My mortality reality check and a day trip to Grover’s Corners have shown me that today is the special occasion—this very moment a gift.

Life’s too short to not use twinkle lights.

A whole heart in a broken body

mom-the-nurseThe first time Len introduced me to his mom was in January of 1987. I was nervous and awkward…she was poised and gracious. Four months later when Len and I married, mom and I began our journey as in-laws.

Mom and I were very different. She had a place for everything while I had everything out of place. She was a gifted seamstress while I duct taped the hems on my boys pants. She was a meticulous cleaner while I nurtured dust bunnies under every appliance. But she never made me feel bad. Instead, she loved me “as-is” and we bonded over the thing we had in common— our love of family.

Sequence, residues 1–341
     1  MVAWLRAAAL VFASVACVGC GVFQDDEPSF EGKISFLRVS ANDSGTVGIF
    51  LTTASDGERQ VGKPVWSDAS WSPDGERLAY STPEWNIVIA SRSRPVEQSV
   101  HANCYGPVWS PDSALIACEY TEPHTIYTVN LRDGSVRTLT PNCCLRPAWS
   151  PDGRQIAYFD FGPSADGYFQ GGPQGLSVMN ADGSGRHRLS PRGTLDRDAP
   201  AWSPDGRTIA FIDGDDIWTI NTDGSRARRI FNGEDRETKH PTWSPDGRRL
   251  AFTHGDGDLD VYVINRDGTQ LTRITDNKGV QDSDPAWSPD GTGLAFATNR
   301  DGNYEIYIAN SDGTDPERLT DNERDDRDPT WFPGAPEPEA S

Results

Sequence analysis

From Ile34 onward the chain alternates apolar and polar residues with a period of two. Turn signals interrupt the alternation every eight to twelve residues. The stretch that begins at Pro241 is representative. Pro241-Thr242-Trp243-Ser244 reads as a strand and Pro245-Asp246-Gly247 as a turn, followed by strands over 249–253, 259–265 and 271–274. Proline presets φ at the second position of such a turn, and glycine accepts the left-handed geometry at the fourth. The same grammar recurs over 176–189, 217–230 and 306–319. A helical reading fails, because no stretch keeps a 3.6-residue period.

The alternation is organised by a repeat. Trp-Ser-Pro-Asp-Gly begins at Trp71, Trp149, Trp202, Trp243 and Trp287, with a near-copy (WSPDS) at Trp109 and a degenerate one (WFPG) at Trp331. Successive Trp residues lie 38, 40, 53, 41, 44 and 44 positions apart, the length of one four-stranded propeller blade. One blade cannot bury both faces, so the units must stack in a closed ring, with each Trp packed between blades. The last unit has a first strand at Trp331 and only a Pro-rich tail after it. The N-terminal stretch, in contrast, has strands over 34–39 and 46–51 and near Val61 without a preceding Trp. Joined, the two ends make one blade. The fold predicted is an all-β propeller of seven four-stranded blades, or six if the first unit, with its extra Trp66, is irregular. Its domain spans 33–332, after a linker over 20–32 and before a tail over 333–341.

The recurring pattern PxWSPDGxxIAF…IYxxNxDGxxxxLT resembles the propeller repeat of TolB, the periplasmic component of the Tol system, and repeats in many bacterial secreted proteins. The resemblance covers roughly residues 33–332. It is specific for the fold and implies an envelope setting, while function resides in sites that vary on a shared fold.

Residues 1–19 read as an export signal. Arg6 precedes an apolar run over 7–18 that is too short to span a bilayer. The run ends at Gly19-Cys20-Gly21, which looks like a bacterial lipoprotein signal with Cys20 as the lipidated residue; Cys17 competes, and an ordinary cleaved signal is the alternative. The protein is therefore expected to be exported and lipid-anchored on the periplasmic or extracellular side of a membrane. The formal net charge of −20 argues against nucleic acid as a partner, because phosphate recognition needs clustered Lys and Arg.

For Len and I, some of our fondest memories were when we would jump in the car with Walter and Jack and head to Mamma and Ghee’s house. In five short hours we could be sitting at the long counter at 101 Matthews Drive stuffing our faces with mom’s shrimp po-boys and frosty Barqs root beers. We laughed, lounged, and played games. If the whole family was gathered, inevitably someone would say, “remember the time…?” The siblings would laugh and embellish and argue about details until mom reminded them of the facts. Mom also had a deadpan way of telling stories that made them even funnier than they were.

There was something about being in her home that made you feel like you could go off duty. (Guess that’s because mom had been on duty preparing for two weeks prior to our arrival.) We descended on them like the proverbial plague and left them, as mom liked to say, “ruined” by the end of our visit.